Around the Web

Welcome to March’s edition of Around the Web.  Today, I’m going to be doing something a little different than usual.  Normally for this column, I seek out an ongoing (at some point), and examine it.  This week, however, that is not the case.  But, it is still a comic, viewable on the world wide web, so I can still qualify it as a web comic.  This month’s featured “web comic” is Sawmill Comics Vol. 1.  It is produced by Typecast Publishing, and viewable here.  Sawmill Comics is an anthology type thing that they plan on publishing every 6 months.  This one features three entries:  “Apology” by Megan Stanton, “human, concrete” by Maureen Fellinger, and “2 Dream” by Ken Henson.  The volume was edited by Jake Snider.

“Apology.”  I’d say that this entry is the most traditional of the three.  The first time I read this story, I thought it was a jumbled mess.  Hardly anything made sense.  Then I read through a second time, and things started to become a bit clearer.  I still think it could use a bit of touch up in the art and especially in the lettering.  Not sure if it was a scanning thing, or how it was lettered, but there are several instances where it is difficult to read.  But overall, the story is pretty good, once you can piece it together, and the art is usually alright.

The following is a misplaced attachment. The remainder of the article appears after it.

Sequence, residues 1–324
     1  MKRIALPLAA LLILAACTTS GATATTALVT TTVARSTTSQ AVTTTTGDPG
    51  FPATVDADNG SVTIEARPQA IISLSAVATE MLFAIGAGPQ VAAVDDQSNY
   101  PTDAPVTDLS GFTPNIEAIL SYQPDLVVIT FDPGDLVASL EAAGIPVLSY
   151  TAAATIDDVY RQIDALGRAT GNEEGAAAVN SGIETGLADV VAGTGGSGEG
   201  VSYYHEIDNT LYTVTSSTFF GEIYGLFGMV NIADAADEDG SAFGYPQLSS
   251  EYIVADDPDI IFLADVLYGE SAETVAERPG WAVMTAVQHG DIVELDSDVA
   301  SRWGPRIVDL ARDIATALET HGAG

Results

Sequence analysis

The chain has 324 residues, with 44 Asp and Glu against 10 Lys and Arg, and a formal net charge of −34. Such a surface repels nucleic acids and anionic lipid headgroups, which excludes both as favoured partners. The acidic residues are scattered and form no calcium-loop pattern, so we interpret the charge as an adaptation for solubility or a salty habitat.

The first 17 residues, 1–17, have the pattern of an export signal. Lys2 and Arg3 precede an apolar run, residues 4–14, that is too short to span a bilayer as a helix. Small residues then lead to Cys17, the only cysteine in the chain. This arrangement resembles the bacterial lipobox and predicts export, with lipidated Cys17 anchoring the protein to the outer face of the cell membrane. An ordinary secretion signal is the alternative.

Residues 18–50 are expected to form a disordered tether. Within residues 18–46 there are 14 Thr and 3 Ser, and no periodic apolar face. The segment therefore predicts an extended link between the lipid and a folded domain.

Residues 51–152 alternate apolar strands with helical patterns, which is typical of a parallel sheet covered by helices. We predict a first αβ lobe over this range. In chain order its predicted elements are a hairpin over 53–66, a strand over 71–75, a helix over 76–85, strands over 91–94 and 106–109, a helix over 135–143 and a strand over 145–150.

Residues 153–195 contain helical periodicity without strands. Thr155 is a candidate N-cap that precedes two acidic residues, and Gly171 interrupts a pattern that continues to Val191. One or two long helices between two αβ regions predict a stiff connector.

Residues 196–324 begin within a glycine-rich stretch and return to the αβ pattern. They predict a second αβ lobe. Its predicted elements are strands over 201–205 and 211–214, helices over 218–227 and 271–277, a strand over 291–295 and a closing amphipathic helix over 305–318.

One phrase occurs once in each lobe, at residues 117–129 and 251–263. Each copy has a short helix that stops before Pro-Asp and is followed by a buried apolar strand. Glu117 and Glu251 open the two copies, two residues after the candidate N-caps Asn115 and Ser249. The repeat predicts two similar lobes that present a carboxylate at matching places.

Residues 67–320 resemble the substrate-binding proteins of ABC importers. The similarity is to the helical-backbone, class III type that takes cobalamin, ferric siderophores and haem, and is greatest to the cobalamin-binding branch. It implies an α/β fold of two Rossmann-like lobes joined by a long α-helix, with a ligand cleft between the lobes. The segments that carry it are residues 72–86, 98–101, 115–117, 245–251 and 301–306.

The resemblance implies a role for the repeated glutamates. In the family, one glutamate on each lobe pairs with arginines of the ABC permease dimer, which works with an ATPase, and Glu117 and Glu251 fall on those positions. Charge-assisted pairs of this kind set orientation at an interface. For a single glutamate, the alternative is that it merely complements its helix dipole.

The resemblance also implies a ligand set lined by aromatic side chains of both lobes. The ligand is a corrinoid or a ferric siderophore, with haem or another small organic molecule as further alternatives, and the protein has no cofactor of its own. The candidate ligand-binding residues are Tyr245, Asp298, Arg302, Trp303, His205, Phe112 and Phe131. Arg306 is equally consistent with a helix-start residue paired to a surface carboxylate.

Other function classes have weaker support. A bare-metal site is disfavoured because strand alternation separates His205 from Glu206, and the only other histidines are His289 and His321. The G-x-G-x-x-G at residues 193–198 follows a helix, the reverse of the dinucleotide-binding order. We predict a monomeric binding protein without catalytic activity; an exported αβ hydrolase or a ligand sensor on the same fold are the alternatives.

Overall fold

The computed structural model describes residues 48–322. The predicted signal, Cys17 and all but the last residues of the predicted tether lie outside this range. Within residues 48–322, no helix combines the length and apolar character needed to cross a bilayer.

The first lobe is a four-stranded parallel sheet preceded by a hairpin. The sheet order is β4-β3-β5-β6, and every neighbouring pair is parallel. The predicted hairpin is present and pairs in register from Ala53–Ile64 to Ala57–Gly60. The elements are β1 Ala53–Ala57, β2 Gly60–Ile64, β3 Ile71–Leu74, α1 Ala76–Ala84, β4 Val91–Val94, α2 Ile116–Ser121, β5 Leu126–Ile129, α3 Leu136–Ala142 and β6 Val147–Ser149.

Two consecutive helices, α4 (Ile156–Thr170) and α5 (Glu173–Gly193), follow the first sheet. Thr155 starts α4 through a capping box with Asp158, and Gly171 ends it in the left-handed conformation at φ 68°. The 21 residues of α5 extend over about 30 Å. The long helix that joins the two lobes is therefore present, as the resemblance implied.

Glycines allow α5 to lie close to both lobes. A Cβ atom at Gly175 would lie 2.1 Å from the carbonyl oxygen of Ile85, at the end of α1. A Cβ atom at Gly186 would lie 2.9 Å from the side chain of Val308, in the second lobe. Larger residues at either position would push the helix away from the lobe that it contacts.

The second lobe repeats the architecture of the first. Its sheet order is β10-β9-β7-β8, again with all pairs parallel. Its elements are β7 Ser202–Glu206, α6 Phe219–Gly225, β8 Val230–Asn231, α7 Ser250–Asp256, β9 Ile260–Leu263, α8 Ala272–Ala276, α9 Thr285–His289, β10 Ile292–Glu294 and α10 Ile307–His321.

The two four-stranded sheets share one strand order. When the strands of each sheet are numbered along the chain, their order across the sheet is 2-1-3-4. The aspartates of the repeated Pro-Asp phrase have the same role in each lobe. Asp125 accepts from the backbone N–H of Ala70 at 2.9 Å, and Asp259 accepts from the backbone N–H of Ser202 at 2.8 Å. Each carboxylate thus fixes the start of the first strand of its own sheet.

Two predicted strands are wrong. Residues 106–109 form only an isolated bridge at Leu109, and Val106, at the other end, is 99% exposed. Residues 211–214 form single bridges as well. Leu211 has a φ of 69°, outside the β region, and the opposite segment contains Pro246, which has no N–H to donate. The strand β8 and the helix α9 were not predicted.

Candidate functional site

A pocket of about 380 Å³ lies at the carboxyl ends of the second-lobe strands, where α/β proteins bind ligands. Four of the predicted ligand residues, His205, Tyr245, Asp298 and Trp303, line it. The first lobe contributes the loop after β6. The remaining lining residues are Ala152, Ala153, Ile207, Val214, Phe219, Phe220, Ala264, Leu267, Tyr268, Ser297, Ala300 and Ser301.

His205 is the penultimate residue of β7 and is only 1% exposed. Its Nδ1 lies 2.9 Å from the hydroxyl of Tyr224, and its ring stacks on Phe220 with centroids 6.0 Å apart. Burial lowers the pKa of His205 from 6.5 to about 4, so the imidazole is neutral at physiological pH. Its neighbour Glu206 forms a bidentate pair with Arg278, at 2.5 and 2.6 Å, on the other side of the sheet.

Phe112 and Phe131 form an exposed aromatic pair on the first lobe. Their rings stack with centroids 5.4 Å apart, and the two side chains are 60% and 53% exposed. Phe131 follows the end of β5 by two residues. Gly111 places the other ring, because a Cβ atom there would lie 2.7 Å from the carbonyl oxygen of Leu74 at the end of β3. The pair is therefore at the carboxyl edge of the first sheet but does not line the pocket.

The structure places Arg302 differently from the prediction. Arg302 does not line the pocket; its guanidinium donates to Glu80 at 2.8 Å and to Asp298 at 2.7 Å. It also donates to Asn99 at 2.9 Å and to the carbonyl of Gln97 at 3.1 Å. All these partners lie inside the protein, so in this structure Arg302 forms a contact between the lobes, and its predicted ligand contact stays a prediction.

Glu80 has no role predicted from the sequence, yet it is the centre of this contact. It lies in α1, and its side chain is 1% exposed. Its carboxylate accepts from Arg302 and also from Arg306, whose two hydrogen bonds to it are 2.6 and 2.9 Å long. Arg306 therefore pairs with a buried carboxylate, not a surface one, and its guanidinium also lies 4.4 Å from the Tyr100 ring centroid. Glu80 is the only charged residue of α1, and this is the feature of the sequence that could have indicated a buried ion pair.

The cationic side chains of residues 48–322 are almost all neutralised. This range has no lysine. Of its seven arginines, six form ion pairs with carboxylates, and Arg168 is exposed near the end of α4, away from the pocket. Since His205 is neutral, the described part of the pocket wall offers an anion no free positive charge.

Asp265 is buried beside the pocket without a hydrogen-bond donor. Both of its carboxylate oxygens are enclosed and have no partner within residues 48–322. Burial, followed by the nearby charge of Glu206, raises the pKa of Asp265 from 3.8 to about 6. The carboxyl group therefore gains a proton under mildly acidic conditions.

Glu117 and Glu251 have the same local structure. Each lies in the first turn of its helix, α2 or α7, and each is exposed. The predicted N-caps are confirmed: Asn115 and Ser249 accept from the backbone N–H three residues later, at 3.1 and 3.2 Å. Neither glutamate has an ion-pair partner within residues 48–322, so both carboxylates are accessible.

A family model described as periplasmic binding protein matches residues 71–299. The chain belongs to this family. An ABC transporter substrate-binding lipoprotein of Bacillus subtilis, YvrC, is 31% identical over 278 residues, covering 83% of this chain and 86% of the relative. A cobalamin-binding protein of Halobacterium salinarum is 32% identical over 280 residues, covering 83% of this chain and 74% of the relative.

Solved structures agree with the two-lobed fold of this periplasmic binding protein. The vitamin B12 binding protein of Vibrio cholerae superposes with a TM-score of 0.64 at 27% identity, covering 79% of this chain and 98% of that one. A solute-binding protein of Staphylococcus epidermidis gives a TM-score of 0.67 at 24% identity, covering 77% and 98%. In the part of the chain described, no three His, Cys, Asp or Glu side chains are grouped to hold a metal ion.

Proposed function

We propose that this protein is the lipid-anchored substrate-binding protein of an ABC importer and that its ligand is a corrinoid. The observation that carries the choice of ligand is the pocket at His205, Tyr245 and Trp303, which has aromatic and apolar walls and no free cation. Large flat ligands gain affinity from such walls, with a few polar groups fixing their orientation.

“human, concrete.”  I don’t really have much to say about this one.  I thought the poem, I guess you could call it, was enjoyable, but the art that accompanied each line didn’t really add anything to the experience.  They were small doodles, and the poem stood up well enough on its own without them.

“2 Dream.”  This was probably my favorite of the three.  It reminded me somewhat of Grant Morrison’s Arkham Asylum.  That may, or may not, be accurate, but that is what I was reminded of.  The art is well done, setting the correct mood, and compliments the prose nicely.  Speaking of which, the prose is a nice, chilling tale, that is very concise, devoid of any unneeded language.

Overall, I recommend checking this out, even though it may not really be “your thing.”  After all, it’s good to try out new things.

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